Friday, August 24, 2012

God V

When it comes to worship, commitment, ultimate allegiance, a person has basically two
choices. He may trust himself to whatever external authority has most forcibly grasped 
his mind. Or he may put his trust more fundamentally in his own conscience. The first 
choice, taken by the vast majority of mankind, has been called 'other directed'. "Pastor, 
tell us what we believe;" that phrase aptly reflects the theological stance of most of the 
devout. The second choice is largely confined to the prophet, the poet, the creative 
genius who shapes the thoughts of the rest of us. It's called 'inner directed'. Few men 
have been more inner directed than Blake. Though he had little impact upon the 
thoughts of the 18th Century, he may well shape those of the 21st.

In theology the concept of inner direction bears such names as the Living Word, the 
protestant principle, the inner light or New Light, and in the mystical tradition 
the Everlasting Gospel. In his pre-Christian days Blake referred to it as the Poetic 
Genius. His poetic genius appeared at age four with the face in the window, and more 
happily with the tree full of angels . Thereafter Blake's poetic genius drew him apart 
from the general theological views of mankind, dominated as they were by the 
materialism of the deists and the crass exploitation of the religious establishment. 
Henceforth he felt a fundamental distrust of convention and a correspondingly intense 
communion with the inner light.

The Poetic Genius provides the immediate vision which overthrows or supersedes the 
existing version of Truth. We have for example the accounts of the burning bush, the 
"Lord high and lifted up" (Isaiah 6), the fiery chariot with the strange wheels (Ezekiel). 
We have Stephen's vision of heaven as he was stoned, Paul's experience in the third 
heaven, John's visions on Patmos. We have the celestial cities of Augustine and 
Bunyan...and Blake's face in the window. All these immediate visions reformed or 
recreated or at the least significantly added to man's collective vision of God.

The poetic genius had little trouble disposing of the king's God. Blake's picture of 
George sitting in his papal dignity expresses such an immediate and elementary truth 
that it still does service on dormitory walls where sophomores cope with deans and 
presidents. The King's God represents the existing version of Truth; Blake's poetic 
genius will replace it with his own original visions, culminating in the first Vision of 
Light with Jesus, the Forgiveness.

Early Images of God:
       'Songs of Innocence' and 'Thel', both composed shortly before MHH, contain 
perhaps the most exquisite images of a benevolent God to be found in modern 
literature. Written by a man of 34, they vividly evoke the faith of a child like mind 
unsullied by the world. Writing them Blake performed the imaginative feat of a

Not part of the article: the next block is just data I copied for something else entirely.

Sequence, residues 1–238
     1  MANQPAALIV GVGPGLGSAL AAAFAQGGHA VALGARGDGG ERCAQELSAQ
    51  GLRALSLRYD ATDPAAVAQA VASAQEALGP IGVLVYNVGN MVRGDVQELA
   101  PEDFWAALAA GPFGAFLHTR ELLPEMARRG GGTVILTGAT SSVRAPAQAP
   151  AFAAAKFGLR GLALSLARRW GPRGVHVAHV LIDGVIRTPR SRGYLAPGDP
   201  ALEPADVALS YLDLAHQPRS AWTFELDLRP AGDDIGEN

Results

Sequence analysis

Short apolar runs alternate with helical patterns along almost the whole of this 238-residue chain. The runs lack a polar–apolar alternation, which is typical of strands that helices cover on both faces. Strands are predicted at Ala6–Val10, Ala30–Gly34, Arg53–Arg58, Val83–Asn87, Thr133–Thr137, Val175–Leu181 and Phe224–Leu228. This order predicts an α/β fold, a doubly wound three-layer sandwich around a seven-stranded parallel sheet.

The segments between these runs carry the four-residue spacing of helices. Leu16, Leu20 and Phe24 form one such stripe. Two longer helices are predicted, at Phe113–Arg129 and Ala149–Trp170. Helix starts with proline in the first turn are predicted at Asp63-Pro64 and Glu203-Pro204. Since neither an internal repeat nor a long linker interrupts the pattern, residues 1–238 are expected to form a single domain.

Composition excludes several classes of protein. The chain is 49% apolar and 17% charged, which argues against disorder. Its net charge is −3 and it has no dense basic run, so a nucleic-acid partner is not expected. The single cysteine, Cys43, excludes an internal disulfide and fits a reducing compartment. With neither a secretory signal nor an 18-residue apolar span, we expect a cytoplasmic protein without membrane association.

supreme artist able in vision to project his psyche back to the days before the Fall. 
Actually at this stage of his life Blake already had a keen awareness of the Fall, a mind 
deeply shadowed by it; but no trace of the shadows appears in these exquisite sacrifices 
of praise. It's as if with prescience that his art will shortly be submerged in visions of
fallen man and a fallen God, he paused for one preliminary glimpse of the Golden Age.

That pause brought a precious gift to mankind. The faith of the Clod can hardly be 
improved upon. The God in "The Little Black Boy", not so much in the imagined father 
as in the spirit of the child, has been a candle in the life of many a hard pressed pilgrim 
tempted to curse the darkness.

After 'Songs of Innocence' begin the curses. It may be worthwhile to curse the darkness 
if thereby we make someone aware of it. This was Blake's aim, like that of most social 
prophets. Dickens rubs our noses in the darkness over and over, and we're better men 
for having read him. Like Dicken's novels Blake's poems are full of darkness. From 
1790 to 1800 he directed our thoughts to the fallen God whom we worship, who 
promotes the darkness and calls it light.

Few or no specimens of humanity would stoop so low as to consign a fellow man to 
everlasting torment; any Being imagined to do such a thing must be at best subhuman. 
The worship of such a being is devil worship. In a poem on the French Revolution 
Blake descended to the crudest vulgarity in trying to put such a theological notion in its 
rightful place:
in Europe

"The King awoke on his couch of gold
As soon as he heard these tidings told
Then he swore a great and solemn Oath:
"To kill the people I am loth,
"But if they rebel, they must go to hell:
"They shall have a Priest and a passing bell."
Then old Nobodaddy aloft
Farted and belch'd and cough'd,
And said, "I love hanging and drawing and quartering
"Every bit as well as war and slaughtering.

"Damn praying and singing
"Unless they will bring in
"The blood of ten thousand by fighting or swinging

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